END USER: RJ Enterprises, (310) 327-8127, www.rjenterprise.net
SOLUTION PROVIDER: Kyocera Precision Tools Inc., (800) 823-7284, www.kyoceraprecisiontools.com
CHALLENGE: Reduce cycle time when roughing a fuel sensor made of 304 stainless.
SOLUTION: Switching from a ½"-dia., 4-flute solid-carbide endmill to a 5⁄8"-dia., indexable-insert endmill.
Steady production of parts for a long-term contract can motivate a job shop to push its cutting tools hard to meet customer delivery requirements. RJ Enterprises found itself in that situation when roughing a 304 stainless steel fuel sensor and was willing to sacrifice tool life to achieve productivity needs.
Owner Vartan Akrabian explained that the Gardena, Calif., shop was applying a ½"-dia. (12.7mm), 4-flute solid-carbide endmill at a cutting speed of 350 sfm (106.7 m/min.), a feed of 15 ipm (381 mm/min.) and a DOC of 0.050" (1.27mm) but was achieving an unacceptable cycle time of about six parts per hour.
Tool life was six parts per endmill, he added, and the tools experienced chipping and premature failure.
The yearly quantity for the fuel sensor project is about 2,400 parts, and the job is scheduled to run for 5 years, Akrabian said.
RJ Enterprises requested assistance from Hendersonville, N.C.-headquartered Kyocera Precision Tools Inc. The toolmaker recommended its 5⁄8"-dia. (15.875mm), 3-flute MFH-Mini Raptor endmill tooled with its PR1535 inserts. The PVD-coated, double-sided inserts have four cutting edges.
“If it worked out, we would buy it, and, if not, we would return it without paying for it,” Akrabian said.
Kyocera Precision Tools reportedly provides a guaranteed test-tool program to all of its customers.
Kyocera’s Raptor-Mini endmill accepts the toolmaker’s PR1535 double-sided inserts (below), which have four cutting edges. Images courtesy Kyocera Precision Tools.
Scott Pettay, field sales engineer for Kyocera, noted RJ Enterprises was able to switch to a larger endmill because the tool is for machining the part OD. He added that Akrabian initially thought he would have to apply an endmill smaller than ½" in diameter to reduce tool pressure.
With the indexable-insert endmill, RJ Enterprises now roughs at a cutting speed of 250 sfm (76.2 m/min.), a feed rate of 90 ipm (2,286 mm/min.) and a DOC of 0.020" (0.508mm). Although the indexable tool runs at a slower speed and takes a smaller DOC than the solid-carbide tool it replaced, Akrabian emphasized the productivity gains made possible by the six-fold increase in the feed rate: “We gave up the depth of cut, but we went from 15 ipm to 90 ipm. It’s smoking! I was hoping to cut the cycle time in half, but it went from an hour to 22 minutes for six parts.”
In addition, one cutting edge lasts for 12 parts, and a box of 10 inserts, which provides 40 cutting edges, costs about $80 compared to the approximate $50 price tag for the carbide endmill, Akrabian said. “It was a cost savings, overall.”
The company still finishes the part using a solid-carbide endmill, removing 0.010" to 0.015" (0.254mm to 0.381mm) of material, he added.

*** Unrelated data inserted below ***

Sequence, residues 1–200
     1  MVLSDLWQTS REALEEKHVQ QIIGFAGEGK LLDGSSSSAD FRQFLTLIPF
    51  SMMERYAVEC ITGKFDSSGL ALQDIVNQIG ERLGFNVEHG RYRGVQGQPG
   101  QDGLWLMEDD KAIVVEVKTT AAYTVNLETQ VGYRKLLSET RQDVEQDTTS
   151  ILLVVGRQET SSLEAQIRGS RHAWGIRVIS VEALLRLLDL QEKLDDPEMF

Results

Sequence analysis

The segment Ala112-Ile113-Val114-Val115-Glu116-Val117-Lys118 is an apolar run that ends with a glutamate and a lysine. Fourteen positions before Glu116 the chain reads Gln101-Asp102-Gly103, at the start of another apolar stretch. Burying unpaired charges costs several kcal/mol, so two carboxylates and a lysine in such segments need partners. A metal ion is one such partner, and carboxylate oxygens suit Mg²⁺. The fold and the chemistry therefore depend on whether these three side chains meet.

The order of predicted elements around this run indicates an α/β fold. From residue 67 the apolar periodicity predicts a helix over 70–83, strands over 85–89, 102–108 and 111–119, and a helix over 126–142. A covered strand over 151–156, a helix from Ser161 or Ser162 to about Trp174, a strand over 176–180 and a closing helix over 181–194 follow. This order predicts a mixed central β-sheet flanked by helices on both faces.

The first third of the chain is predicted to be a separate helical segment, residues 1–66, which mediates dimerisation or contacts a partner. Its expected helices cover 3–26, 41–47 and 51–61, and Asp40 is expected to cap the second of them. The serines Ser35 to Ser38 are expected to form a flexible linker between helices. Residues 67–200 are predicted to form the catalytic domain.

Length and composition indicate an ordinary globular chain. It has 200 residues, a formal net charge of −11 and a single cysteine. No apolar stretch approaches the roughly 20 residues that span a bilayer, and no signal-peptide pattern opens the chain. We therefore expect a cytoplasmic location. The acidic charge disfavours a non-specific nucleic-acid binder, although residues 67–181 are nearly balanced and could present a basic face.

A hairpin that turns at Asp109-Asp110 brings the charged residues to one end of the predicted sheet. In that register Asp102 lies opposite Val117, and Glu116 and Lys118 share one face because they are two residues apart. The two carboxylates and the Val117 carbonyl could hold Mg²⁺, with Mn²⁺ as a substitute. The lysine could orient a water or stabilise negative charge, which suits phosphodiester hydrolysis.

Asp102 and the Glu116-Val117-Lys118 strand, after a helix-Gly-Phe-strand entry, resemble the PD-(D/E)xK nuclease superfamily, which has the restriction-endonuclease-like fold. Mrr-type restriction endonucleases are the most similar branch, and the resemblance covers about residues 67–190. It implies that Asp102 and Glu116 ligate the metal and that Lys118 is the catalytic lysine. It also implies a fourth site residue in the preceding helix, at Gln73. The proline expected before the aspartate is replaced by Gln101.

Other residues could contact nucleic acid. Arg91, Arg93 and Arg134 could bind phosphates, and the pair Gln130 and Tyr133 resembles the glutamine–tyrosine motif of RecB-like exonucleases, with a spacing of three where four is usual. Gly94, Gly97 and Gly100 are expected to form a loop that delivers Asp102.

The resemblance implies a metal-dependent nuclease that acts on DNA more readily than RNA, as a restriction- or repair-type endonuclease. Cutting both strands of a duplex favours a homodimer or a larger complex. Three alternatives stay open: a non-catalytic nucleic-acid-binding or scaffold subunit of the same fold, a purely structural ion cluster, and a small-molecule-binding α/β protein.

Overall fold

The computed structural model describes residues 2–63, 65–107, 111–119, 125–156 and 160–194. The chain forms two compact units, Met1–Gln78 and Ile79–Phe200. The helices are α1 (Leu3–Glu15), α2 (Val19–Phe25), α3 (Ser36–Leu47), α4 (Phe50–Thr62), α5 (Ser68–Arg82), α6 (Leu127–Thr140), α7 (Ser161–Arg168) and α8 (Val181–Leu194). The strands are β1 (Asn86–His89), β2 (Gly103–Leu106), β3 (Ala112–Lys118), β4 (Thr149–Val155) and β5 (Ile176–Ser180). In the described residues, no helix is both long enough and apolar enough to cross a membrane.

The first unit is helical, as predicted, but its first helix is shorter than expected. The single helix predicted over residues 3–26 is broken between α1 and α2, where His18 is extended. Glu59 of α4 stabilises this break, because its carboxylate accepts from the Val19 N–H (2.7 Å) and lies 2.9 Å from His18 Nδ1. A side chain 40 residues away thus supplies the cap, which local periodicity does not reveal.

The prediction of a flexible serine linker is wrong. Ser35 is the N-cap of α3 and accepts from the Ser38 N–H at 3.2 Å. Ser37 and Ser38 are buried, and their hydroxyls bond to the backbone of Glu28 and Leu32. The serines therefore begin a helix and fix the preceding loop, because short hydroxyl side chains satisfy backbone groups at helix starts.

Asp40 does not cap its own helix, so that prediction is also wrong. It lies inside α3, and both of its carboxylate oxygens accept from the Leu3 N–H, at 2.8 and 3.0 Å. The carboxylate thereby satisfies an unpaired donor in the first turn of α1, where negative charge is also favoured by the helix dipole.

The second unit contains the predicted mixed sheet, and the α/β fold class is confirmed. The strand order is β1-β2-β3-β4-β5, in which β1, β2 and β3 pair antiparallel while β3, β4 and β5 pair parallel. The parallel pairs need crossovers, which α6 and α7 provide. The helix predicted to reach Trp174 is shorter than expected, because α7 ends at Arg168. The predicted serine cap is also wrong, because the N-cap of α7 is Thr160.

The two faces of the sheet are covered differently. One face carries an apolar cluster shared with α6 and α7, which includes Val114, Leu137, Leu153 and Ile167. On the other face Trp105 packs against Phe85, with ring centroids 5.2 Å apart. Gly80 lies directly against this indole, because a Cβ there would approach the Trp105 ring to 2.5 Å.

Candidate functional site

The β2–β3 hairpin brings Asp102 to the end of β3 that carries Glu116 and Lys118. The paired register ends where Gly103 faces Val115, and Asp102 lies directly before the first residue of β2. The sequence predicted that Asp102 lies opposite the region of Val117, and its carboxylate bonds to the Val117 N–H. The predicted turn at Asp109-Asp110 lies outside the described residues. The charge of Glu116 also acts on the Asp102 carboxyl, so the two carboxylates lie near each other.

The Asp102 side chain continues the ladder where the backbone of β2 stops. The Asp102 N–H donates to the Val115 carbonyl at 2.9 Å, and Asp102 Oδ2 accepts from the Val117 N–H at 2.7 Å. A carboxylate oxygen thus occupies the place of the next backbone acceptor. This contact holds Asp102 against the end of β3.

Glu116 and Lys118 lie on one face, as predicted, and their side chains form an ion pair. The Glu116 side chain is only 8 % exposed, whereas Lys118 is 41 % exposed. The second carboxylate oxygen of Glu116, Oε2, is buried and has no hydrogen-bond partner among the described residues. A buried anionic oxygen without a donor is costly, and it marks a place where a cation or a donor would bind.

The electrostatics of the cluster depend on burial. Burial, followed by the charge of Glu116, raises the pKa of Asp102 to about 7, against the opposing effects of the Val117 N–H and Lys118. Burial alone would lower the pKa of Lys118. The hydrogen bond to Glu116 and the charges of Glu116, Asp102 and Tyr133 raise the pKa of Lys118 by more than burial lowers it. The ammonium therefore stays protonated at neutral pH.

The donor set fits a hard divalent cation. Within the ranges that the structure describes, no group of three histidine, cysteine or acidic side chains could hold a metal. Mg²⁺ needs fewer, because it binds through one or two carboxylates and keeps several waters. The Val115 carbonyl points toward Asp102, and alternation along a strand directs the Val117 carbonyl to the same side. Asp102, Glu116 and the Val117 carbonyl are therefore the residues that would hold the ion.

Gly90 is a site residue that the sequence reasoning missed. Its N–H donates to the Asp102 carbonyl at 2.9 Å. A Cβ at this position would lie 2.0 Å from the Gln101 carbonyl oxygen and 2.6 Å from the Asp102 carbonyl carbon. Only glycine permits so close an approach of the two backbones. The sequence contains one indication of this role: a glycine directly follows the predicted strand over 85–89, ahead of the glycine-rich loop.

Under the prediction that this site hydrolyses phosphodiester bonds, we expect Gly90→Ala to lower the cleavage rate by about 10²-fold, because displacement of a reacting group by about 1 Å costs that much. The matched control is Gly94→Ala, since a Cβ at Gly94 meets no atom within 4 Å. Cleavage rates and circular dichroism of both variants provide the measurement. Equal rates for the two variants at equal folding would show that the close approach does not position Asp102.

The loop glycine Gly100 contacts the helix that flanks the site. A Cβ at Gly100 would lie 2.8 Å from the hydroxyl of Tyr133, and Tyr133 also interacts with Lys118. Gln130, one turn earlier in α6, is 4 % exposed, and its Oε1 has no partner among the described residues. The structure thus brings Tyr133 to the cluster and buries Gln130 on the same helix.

Pettay pointed out that the PR1535 insert offers versatility because it is suitable for milling stainless steel, titanium and Inconel. In addition to 304 stainless, Akrabian said RJ Enterprises uses it for cutting 420 stainless.
“In the future,” Akrabian said, “we will try different grades [to see] if they’ll improve cycle time or even the life of the tool.”
The 304 stainless fuel sensor before (above) and after (below) the roughing operation. Images courtesy RJ Enterprises.
Related Glossary Terms
- cutting speed
Tangential velocity on the surface of the tool or workpiece at the cutting interface. The formula for cutting speed (sfm) is tool diameter 5 0.26 5 spindle speed (rpm). The formula for feed per tooth (fpt) is table feed (ipm)/number of flutes/spindle speed (rpm). The formula for spindle speed (rpm) is cutting speed (sfm) 5 3.82/tool diameter. The formula for table feed (ipm) is feed per tooth (ftp) 5 number of tool flutes 5 spindle speed (rpm).
- depth of cut
depth of cut
Distance between the bottom of the cut and the uncut surface of the workpiece, measured in a direction at right angles to the machined surface of the workpiece.
Milling cutter held by its shank that cuts on its periphery and, if so configured, on its free end. Takes a variety of shapes (single- and double-end, roughing, ballnose and cup-end) and sizes (stub, medium, long and extra-long). Also comes with differing numbers of flutes.
Rate of change of position of the tool as a whole, relative to the workpiece while cutting.
- gang cutting ( milling)
gang cutting ( milling)
Machining with several cutters mounted on a single arbor, generally for simultaneous cutting.
- inches per minute ( ipm)
inches per minute ( ipm)
Value that refers to how far the workpiece or cutter advances linearly in 1 minute, defined as: ipm = ipt 5 number of effective teeth 5 rpm. Also known as the table feed or machine feed.
Machining operation in which metal or other material is removed by applying power to a rotating cutter. In vertical milling, the cutting tool is mounted vertically on the spindle. In horizontal milling, the cutting tool is mounted horizontally, either directly on the spindle or on an arbor. Horizontal milling is further broken down into conventional milling, where the cutter rotates opposite the direction of feed, or “up” into the workpiece; and climb milling, where the cutter rotates in the direction of feed, or “down” into the workpiece. Milling operations include plane or surface milling, endmilling, facemilling, angle milling, form milling and profiling.
- outer diameter ( OD)
outer diameter ( OD)
Dimension that defines the exterior diameter of a cylindrical or round part. See ID, inner diameter.